Article

Augmentation of the renin-angiotensin system by hypercholesterolemia promotes vascular diseases.

University of Kentucky, Wethington Building, Room 521, Lexington, KY 40536-40200, USA, Tel.: +1 859 323 4933 ext. 81389, , .
Future Lipidology (Impact Factor: 1.08). 12/2008; 3(6):625-636. DOI: 10.2217/17460875.3.6.625
Source: PubMed

ABSTRACT Activation of the renin-angiotensin system (RAS) and aberrant cholesterol metabolism have generally been considered as independent mechanisms in the development of several vascular diseases. However, it is becoming increasingly apparent in both human and animal studies that many aspects of the RAS may be augmented by hypercholesterolemia, resulting in enhancement of the severity and occurrence of several vascular diseases, including hypertension, atherosclerosis and abdominal aortic aneurysms. Some potential hypercholesterolemia-induced mechanisms have been demonstrated to increase activity of specific components of the RAS. These include increased AT1-receptor expression, increased responsiveness to Ang II and increased synthesis of angiotensin peptides. Future studies need to validate mechanisms of hypercholesterolemia-induced RAS activation in different vascular diseases.

Download full-text

Full-text

Available from: Alan Daugherty, Jul 03, 2015
0 Followers
 · 
120 Views
  • Source
    [Show abstract] [Hide abstract]
    ABSTRACT: The renin angiotensin system (RAS) has profound effects on atherosclerosis development in animal models, which is partially complimented by evidence in the human disease. Although angiotensin II was considered to be the principal effector of the RAS, a broader array of bioactive angiotensin peptides have been identified that have increased the scope of enzymes and receptors in the RAS. Genetic interruption of the synthesis of these peptides has not been extensively performed in experimental or human studies. A few studies demonstrate that interruption of a component of the angiotensin peptide synthesis pathway reduces experimental lesion formation. The evidence in human studies has not been consistent. Conversely, genetic manipulation of the RAS receptors has demonstrated that AT1a receptors are profoundly involved in experimental atherosclerosis. Few studies have reported links of genetic variants of angiotensin II receptors to human atherosclerotic diseases. Further genetic studies are needed to define the role of RAS in atherosclerosis.
    Current Atherosclerosis Reports 05/2010; 12(3):167-73. DOI:10.1007/s11883-010-0109-4 · 3.06 Impact Factor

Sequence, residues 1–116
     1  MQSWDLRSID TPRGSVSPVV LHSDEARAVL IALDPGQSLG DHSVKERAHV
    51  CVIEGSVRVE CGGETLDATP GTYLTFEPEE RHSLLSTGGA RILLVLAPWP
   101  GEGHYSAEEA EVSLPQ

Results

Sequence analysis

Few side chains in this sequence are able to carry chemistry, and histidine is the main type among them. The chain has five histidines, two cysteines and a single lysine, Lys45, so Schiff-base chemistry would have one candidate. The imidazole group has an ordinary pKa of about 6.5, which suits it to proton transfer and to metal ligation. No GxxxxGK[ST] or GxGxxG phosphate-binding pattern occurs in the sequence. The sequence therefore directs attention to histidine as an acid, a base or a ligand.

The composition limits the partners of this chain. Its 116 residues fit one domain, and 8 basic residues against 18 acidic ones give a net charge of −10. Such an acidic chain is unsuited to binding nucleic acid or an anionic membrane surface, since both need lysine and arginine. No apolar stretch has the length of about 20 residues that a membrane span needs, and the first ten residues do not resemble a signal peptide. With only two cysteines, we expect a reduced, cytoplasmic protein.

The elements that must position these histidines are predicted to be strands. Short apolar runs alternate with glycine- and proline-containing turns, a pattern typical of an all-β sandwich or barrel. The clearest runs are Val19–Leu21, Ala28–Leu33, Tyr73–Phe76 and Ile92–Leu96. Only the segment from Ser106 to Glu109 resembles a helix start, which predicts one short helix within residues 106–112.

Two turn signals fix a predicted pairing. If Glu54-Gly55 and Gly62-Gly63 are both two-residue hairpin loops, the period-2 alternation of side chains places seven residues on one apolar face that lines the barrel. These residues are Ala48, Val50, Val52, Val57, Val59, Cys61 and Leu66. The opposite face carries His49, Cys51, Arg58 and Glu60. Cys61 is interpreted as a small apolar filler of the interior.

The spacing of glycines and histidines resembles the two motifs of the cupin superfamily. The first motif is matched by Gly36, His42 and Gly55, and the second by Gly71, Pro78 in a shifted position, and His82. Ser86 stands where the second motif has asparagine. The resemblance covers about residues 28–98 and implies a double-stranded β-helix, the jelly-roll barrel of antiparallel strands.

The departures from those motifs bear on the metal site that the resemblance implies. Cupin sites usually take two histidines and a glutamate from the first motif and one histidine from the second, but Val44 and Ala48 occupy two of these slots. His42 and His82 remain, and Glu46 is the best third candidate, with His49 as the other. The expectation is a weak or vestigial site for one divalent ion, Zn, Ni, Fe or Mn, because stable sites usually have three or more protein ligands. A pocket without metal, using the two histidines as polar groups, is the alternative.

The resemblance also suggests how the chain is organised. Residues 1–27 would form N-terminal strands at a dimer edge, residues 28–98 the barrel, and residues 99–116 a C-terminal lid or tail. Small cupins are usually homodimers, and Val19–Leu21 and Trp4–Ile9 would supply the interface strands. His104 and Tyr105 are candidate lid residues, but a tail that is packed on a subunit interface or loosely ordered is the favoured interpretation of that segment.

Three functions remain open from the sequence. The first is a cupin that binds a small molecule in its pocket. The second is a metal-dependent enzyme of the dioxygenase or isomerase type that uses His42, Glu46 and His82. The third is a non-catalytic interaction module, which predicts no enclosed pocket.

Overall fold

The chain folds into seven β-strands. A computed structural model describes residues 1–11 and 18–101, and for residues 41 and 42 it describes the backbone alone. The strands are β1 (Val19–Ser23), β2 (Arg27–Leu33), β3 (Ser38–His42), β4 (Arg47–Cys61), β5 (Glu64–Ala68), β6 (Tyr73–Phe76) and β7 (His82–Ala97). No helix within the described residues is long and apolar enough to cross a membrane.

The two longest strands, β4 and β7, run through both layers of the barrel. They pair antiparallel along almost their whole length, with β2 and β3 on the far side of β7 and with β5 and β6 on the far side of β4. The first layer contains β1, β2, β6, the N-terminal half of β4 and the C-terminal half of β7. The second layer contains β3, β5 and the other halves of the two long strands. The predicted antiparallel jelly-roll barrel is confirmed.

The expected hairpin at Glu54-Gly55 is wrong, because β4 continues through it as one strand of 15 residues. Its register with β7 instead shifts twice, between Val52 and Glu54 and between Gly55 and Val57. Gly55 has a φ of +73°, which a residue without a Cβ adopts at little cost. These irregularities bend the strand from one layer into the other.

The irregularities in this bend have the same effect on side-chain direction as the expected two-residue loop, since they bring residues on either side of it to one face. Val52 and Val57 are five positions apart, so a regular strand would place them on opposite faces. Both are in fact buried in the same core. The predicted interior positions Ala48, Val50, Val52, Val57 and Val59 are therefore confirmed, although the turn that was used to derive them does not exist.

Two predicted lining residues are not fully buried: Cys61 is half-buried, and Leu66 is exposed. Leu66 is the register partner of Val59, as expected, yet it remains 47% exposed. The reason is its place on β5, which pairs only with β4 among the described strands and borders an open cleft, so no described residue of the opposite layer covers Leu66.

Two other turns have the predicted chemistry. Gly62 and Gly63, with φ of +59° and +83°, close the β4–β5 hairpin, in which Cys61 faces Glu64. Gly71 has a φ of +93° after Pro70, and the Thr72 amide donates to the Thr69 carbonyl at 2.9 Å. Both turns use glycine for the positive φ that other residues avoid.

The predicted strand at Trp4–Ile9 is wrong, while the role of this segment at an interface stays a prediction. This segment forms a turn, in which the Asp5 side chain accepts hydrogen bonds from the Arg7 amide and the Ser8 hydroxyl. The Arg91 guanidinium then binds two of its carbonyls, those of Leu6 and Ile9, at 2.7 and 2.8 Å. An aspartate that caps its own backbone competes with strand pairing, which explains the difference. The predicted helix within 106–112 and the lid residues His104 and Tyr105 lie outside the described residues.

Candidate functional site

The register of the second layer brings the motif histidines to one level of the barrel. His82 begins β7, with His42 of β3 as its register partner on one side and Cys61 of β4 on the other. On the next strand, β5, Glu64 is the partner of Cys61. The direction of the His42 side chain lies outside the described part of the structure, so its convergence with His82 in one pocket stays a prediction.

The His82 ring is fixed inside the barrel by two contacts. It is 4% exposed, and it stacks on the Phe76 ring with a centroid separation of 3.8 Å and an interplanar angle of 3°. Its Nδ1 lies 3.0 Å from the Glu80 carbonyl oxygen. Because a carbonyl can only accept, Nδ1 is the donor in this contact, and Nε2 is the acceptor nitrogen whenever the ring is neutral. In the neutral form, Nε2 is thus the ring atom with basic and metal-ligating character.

• [Show abstract] [Hide abstract]
    ABSTRACT: OBJECTIVE: The objective of this paper is to investigate a profile on circulatory renin-angiotensin system (RAS) activity in hypercholesterolemic (HC) patients treated with statins. METHODS: Eighteen primary HC patients and 18 sex- and age-matched healthy adults were included in this study as controls. Total cholesterol (TC), triglyceride (TG), LDL-C, blood glucose, angiotensin-converting enzyme (ACE) activity, and angiotensin II (Ang II) levels were measured before and four and eight weeks after beginning statin treatment in the HC group. Similar measurements were taken in the control group at baseline. RESULTS: At baseline, TC, TG and LDL-C levels, as well as ACE activity and Ang II concentrations, were significantly higher in the HC group than in the control group. Based on the baseline data collection of 36 participants, there were significant positive correlations between ACE activity and TC (r = 0.54) or LDL-C (r = 0.51), and between Ang II level and TC (r = 0.34) or LDL-C (r = 0.27). TC, LDL-C, Ang II (35.46±14.49 vs 71.10±20.47 pg/ml, p < 0.05) levels and ACE activity (108.9±51.9 vs 180.1±71.3 U/L, p < 0.05) were decreased in HC patients eight weeks after starting statin treatment. In HC patients, RAS activity correlated positively with TC and LDL-C levels before and after treatment. CONCLUSIONS: In HC patients, lowering serum cholesterol with statins is associated with decreased circulatory RAS activity.
    Journal of Renin-Angiotensin-Aldosterone System 03/2013; 16(1). DOI:10.1177/1470320313483349 · 2.27 Impact Factor
  • Source
    [Show abstract] [Hide abstract]
    ABSTRACT: Angiotensin II (angII) accelerates atherosclerosis, but the mechanisms are not fully understood. The aim of this study was to determine whether TGFβ is required for angII-induced atherosclerosis. Ldlr null mice fed a normal chow diet were infused with angII or saline for 28 days. A single injection of TGFβ neutralizing antibody 1D11 (2mg/kg) prevented angII- induction of TGFβ1 levels, and strikingly attenuated angII-induced accumulation of aortic biglycan content. To study atherosclerosis, mice were infused with angII or saline for 4 weeks, then fed Western diet for a further 6 weeks. 1D11 had no effect on systolic blood pressure or plasma cholesterol; however, angII-infused mice that received 1D11 had reduced atherosclerotic lesion area by 30% (p<0.05). Immunohistochemical analyses demonstrated that angII induced both lipid retention and accumulation of biglycan and perlecan which co-localized with apoB. 1D11 strikingly reduced the effect of angII on biglycan but not perlecan. 1D11 decreased total collagen content (p<0.05) in lesion area without changing plaque inflammation markers (CD68 and CD45). Thus, this study demonstrates that neutralization of TGFβ attenuated angII stimulation of biglycan accumulation and atherogenesis in mice, suggesting that TGFβ-mediated biglycan induction is one of the mechanisms underlying angII-promoted atherosclerosis.
    The Journal of Lipid Research 06/2013; DOI:10.1194/jlr.P040139 · 4.73 Impact Factor